This eventuality is not surprising as our Courts are composed of fallen human beings who reflect the character and the moral foundation of the people. Judges no longer look to the original intent of writers of the U.S Constitution but insert what they see as the advanced wisdom on an increasing godless nation into a document strongly shaped by Christian values.
The U.S. Constitution has been changed, not through the intended amendment process, but through judicial activism. Justices change the intent of the U.S. Constitution by inserting their opinion and declaring their opinion binding to future decisions through the use of precedent. They make one ruling that changes the wordings intent and then use that ruling as a basis for future rulings; thus all but ensuring further erosion and destruction of the original intent. This works because Congress has failed to act as a check and balance and judicial activism has been accepted as standard by a powerless people.
The Re-Interpretation of the First Amendment
The current use of the phrase “separation of church and state” came about through a 1947 case called Everson v. Board of Education where the Court announced “The First Amendment has erected a wall between church and state. That wall must be kept high and impregnable. We could not approve the slightest breach.” The intent of this statement was to flip the First Amendment to mean the church should no longer have any impact upon civil government or those entities overseen by the civil government, such as public schools. As David Barton notes, “Following this declaration, the Supreme Court – and numerous lower courts – began striking down religious activities and expression which had been constitutional for the previous 150 years” (Barton, 2005, p. 13).
The source of the phrase quoted by the Supreme Court came from a letter in response to the Danbury Baptist Association from President Thomas Jefferson. The deeper context of this conversation was the Danbury Baptists were concerned that a national denomination might be legislated by the Federal government and they were seeking assurances this wouldn’t happen. They also expressed a clear concern of governmental overreach into church affairs.
Thomas Jefferson, reaffirming the intent of the First Amendment assured them the Federal government couldn’t overstep into these concerns. In his response he stated “I contemplate with sovereign reverence that act of the whole American people which declared that their legislature should ʺmake no law respecting an establishment of religion, or prohibiting the free exercise thereof,ʺ thus building a wall of separation between Church & State” (The Papers of Thomas Jefferson, 2018).
Thomas Jefferson’s response once again affirmed the civil government would not encroach in church affairs. Interesting, President Jefferson did not scold or ignore the political influence these Christians were exercising in their correspondence to the President of the relatively new civil government. If there were a separation of church influence over the state wouldn’t President Jefferson have made the point?
“One further note should be made about the new infamous “separation” dogma. The Congressional Records from June 7 to September 25, 1789, record the months of discussions and debates the ninety Founding Fathers who framed the First Amendment. Significantly, during those debates not one of those ninety Framers ever mentioned the phrase “separation of church and state.” It seems logical that if this had been the intent of the Founding Fathers for the First Amendment – as is so frequently asserted – then at least one of those ninety would have mentioned that phrase; none did” (Barton, 2005, p. 48).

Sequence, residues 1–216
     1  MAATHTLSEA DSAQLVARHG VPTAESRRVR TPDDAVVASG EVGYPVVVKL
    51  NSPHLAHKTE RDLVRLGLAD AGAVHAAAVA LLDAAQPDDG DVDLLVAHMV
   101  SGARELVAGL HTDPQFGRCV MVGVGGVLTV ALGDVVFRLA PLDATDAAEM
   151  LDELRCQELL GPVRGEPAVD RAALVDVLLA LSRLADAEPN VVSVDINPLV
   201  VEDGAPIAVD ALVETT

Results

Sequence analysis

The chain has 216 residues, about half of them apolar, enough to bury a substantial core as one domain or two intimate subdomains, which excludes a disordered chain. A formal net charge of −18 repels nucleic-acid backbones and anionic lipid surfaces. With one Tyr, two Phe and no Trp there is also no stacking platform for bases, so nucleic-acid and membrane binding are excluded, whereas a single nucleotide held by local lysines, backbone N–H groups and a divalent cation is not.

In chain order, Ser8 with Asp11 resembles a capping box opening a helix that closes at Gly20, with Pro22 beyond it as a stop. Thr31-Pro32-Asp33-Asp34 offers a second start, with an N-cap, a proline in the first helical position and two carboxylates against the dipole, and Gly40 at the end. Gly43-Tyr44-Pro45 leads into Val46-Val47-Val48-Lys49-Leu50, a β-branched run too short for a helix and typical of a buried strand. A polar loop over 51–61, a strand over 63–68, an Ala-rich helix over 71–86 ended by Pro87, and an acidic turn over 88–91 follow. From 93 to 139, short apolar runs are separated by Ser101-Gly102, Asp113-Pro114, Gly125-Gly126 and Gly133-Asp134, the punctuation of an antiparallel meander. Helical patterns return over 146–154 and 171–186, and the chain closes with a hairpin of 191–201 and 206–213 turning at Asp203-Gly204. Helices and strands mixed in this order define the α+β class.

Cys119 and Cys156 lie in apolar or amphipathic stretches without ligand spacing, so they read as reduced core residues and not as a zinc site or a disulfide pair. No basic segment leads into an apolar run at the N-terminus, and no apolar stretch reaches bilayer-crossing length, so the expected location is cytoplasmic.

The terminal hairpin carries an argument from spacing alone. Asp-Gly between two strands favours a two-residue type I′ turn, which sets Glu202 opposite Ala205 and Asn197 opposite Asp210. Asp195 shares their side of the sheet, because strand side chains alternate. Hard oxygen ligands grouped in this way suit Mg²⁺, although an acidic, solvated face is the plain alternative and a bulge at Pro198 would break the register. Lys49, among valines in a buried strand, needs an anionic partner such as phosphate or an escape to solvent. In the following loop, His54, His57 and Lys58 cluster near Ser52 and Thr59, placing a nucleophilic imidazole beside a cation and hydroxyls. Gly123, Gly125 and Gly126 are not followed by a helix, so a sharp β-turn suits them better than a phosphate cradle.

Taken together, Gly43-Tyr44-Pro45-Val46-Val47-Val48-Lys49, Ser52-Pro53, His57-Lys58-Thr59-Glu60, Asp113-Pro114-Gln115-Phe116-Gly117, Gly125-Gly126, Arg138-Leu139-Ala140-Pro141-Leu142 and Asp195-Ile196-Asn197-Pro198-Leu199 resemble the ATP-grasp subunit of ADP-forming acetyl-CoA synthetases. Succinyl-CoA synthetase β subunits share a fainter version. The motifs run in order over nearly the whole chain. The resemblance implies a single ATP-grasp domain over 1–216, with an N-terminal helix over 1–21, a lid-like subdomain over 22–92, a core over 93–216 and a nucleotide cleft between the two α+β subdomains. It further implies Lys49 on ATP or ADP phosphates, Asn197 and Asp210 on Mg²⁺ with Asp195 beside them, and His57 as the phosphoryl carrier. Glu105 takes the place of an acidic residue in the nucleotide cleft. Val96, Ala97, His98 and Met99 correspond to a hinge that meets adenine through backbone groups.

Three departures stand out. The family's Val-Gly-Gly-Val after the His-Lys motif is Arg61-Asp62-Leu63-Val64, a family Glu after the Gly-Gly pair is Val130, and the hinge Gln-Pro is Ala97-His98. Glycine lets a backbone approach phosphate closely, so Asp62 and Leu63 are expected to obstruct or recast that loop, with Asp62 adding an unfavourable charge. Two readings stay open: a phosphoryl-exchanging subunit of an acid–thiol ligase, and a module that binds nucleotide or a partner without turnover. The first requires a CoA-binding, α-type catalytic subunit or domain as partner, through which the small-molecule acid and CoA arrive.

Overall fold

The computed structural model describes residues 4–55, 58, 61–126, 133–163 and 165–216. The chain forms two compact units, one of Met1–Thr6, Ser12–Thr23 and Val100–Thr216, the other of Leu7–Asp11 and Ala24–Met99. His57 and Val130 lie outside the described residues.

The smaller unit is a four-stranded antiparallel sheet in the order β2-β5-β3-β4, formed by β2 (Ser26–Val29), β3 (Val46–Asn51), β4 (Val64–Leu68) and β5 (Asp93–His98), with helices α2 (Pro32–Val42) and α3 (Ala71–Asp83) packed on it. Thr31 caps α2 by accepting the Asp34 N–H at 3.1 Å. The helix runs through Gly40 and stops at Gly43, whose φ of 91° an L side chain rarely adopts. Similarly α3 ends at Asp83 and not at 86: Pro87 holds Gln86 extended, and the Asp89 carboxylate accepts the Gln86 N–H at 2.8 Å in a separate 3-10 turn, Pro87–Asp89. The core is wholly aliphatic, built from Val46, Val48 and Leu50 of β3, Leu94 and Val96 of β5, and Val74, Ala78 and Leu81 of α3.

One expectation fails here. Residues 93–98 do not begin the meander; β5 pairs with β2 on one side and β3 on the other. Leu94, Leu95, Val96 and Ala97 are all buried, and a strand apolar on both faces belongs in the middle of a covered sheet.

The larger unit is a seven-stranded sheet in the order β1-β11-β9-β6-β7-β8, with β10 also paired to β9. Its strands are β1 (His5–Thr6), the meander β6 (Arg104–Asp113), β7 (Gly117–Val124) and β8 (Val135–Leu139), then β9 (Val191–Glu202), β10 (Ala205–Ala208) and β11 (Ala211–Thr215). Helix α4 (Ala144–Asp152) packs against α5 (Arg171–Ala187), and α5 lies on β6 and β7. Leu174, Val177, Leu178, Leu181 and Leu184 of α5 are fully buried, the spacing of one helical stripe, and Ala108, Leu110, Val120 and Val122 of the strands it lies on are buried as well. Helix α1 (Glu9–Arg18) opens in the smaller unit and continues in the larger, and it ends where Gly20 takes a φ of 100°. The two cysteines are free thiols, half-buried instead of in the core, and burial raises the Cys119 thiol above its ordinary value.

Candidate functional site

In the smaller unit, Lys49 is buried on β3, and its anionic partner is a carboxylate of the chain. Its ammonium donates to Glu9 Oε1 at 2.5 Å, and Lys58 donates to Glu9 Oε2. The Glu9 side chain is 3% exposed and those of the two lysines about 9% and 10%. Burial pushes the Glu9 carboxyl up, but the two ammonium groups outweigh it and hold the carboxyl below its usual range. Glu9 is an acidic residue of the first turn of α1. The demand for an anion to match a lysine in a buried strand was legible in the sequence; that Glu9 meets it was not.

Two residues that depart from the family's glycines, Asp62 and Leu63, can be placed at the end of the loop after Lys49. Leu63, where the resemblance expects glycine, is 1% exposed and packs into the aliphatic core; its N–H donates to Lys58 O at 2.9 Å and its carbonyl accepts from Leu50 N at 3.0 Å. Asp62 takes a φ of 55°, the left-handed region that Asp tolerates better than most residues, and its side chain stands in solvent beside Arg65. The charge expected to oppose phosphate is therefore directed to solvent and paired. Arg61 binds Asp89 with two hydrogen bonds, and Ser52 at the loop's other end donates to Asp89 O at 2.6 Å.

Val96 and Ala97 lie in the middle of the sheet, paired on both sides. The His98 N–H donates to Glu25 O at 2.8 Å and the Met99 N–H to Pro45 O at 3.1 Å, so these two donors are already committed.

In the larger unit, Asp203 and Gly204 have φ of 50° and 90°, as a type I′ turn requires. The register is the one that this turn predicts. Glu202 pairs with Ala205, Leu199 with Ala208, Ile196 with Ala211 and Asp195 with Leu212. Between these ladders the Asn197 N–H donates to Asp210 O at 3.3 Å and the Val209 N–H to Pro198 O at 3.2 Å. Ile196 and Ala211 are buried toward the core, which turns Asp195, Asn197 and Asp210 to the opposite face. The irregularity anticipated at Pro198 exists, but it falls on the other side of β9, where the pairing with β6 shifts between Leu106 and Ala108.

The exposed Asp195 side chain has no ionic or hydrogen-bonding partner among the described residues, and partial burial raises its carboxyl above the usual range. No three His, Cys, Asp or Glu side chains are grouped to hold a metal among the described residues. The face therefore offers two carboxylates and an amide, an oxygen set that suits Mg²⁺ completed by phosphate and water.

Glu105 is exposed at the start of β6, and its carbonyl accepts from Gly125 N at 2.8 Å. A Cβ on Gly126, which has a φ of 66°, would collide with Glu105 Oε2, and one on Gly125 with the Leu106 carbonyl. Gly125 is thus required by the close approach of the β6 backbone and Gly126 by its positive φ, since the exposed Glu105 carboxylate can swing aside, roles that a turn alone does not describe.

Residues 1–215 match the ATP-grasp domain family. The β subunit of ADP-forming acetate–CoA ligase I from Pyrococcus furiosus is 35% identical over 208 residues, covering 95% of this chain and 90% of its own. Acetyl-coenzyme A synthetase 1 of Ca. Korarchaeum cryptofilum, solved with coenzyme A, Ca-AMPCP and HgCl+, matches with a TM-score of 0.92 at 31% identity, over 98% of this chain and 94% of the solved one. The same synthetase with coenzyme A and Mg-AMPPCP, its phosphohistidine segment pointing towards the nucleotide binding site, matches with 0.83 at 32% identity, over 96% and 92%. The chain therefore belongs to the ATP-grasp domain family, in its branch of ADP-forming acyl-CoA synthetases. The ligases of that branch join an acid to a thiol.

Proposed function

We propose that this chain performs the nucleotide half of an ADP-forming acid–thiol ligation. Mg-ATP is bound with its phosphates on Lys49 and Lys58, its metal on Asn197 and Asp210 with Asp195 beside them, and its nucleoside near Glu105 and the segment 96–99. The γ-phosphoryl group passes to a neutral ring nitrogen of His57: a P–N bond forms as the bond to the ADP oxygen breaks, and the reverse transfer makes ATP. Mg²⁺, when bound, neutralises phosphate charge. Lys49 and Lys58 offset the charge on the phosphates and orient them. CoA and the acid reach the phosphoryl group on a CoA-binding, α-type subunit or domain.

It is clear, in 1947 the Supreme Court twisted the phrase out of context to completely change the application of the First Amendment as we see it today.
Reclaim the First Amendment
The separation of church and state narrative in America is gravely damaged but not without hope. It will take committed Christians (and others religious groups) willing to speak to the issues and not be silenced. You will experience the effort of people, trying to silence your voice, by shouting “separation of church and state.” You must press on and not allowing this bullying tactic to silence our voice or the influence of God.
The same amendment that assures religious freedom also assures freedom of speech, freedom of the press, the freedom to petition the government, and the freedom to assemble. If we allow religious freedom to continue to fall the others will also become fair game for perversion and destruction.
It is time to reclaim the right for Christians to influence the civil government boldly and without apology while simultaneously pushing back against any civil government into church affairs. It is time to reclaim the original intent of the First Amendment.
There is a Biblical principle of separation of church and state that clearly limits the civil government’s influence in church affairs.
God clearly requires Christians to be influences upon the world, including influencing civil governments and officials.
Our Founding Fathers understood this principle very well, especially by observing the failure of many European civil governments who failed to exercise proper separation and who overextended their authority into the church.
The First Amendment to the U.S. Constitution places clear limits the civil governments influence over church affairs.
The Supreme Court, through recent rulings, has flipped the meaning and intent of the First Amendment; errantly creating the belief the church should have no influence over the civil government.
It is important to reestablish and understand the proper roles of church and state.
It is even more important to exercise our God-mandated, and Constitutional-reaffirmed right to influence.
 Note: The author acknowledges this article’s focus is on the concept of the separate roles of the church and state. It does not fully address the social contract established through the Declaration of Independence and the United States Constitution where we the people gave the civil government additional roles and responsibilities.
 I encourage you to read the whole of the letters which can be found at http://www.billofrightsinstitute.org/founding-documents/primary-source-documents/danburybaptists/.